My very small dog has eaten fiberfill from inside her toys (and weirder indigestible things: cigarette butts! earplugs! half a qtip!), and it usually passes in a day or two, in one big, weird poop. The polyester fleece probably won't disintegrate. If the cat tore pieces off and ate them separately instead of swallowing it in one big lump, though, you might have to pick through the poop (ew, I know) to find traces of it. If the cat is eating, pooping, and acting normal, and doesn't have any belly pain, it's probably just still working its way through.
posted by Blue Jello Elf at 7:45 PM on February 15, 2013


Practical advice: If the cat is normally allowed outside, quarantine her inside so you can inspect her poop. Clean out her litterbox right now so it's fresh. You want to make sure she poops in the next day or so, and that you're seeing either the ribbon or pieces of it. If she's acting weird, take her in, cats are excellent at masking pain.


My dog is a notorious inedible thing eater, so I've gone through this more than once. I feel your pain.
posted by zug at 8:16 PM on February 15, 2013


My serial fabric eater had to have a craft pompom surgically removed a few years ago. She started showing symptoms that something was wrong after two days, eating and then throwing up partially digested food repeatedly. The third morning she would demand food and then refuse to eat it and demand food again even though her full bowl was sitting right there. She was also visibly losing weight (she's a tiny lean cat though), there had been no BMs in two days and by the afternoon of day three, she was atypically low on energy and spent much of her time hunched over (in the bread loaf position but not a comfortable happy loaf). She had xrays on the morning of the 4th day where the pompom was clearly visible lodged at the top of her small intestines, surgery quickly followed and she was back home again the next morning. That time, it was a near-total blockage.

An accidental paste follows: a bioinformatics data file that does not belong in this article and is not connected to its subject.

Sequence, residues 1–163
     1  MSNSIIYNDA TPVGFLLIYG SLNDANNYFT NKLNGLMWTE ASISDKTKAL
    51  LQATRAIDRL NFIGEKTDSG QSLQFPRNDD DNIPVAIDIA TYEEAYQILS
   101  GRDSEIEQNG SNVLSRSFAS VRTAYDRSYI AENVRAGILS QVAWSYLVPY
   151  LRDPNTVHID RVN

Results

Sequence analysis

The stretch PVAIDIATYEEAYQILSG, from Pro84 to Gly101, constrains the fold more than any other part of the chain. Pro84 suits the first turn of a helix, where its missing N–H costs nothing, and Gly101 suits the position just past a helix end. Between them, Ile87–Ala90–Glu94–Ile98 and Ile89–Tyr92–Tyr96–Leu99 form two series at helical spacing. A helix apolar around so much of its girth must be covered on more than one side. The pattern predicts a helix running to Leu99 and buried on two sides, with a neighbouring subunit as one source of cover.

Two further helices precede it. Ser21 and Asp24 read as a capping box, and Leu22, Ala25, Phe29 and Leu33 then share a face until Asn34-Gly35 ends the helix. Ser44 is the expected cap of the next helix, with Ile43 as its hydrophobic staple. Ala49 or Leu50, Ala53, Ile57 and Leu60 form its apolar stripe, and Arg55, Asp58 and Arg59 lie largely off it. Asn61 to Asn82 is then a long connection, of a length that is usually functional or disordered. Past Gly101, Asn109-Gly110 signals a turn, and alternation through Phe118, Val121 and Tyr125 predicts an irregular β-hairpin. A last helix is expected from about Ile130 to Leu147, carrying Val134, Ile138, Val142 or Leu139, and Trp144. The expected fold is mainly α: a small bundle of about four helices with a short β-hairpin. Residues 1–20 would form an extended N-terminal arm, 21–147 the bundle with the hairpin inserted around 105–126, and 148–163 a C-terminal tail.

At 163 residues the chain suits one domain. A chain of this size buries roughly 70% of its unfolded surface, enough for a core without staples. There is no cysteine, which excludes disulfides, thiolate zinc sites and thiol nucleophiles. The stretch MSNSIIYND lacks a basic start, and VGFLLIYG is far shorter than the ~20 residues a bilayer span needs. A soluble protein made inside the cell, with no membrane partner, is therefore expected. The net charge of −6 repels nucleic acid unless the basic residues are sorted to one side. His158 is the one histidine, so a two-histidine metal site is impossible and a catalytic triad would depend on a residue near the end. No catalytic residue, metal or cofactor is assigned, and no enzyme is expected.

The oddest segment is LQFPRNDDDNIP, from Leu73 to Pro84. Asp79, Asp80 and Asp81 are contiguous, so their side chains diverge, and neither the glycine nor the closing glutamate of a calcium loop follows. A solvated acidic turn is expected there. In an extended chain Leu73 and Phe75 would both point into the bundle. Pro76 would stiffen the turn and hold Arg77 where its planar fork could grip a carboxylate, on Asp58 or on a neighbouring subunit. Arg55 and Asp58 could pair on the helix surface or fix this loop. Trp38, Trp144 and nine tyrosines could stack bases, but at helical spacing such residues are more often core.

Later that year she chewed off and ate the 6" leg from a toy spider. The leg was about as big around as a pencil and made of a double thickness of a velvet-like fabric (about half the mass of that toy you linked, we also had one of those before I purged all the soft toys from the house). Her eating slowed down a little and her energy was slightly down but I didn't realize she had this partial obstruction in her until she started howling in her litterbox one morning and had to be manually assisted (oy).

1) if he's showing any unusual symptoms at all, wisk him off to the vet. Don't wait as long as I did. This was the nth time my cat had eaten a pompom and the previous ones had come back out without fanfare which is why I foolishly waited.

2) The fabric won't digest. The spider leg was still festively purple and orange in color on the parts that were visible and if I were not so completely grossed out, I could have washed it and reattached it with no one the wiser. Her surgically removed puff and the ones she pooped out were only slightly smashed down and showed little signs of having been through a cat GI tract. Chewin' cat has also eaten rabbit fur toys and feathers: those seem to get broken down a bit more but still come out as a recognizable wad. Based on how the spider leg came out I think it was in her intestines in a unknotted/unfolded line which allowed some food and waste to get past it but had it doubled up on its trip we would have had to go for Surgery #2, which is probably how that one cat got by for a month.
posted by jamaro at 8:33 PM on February 15, 2013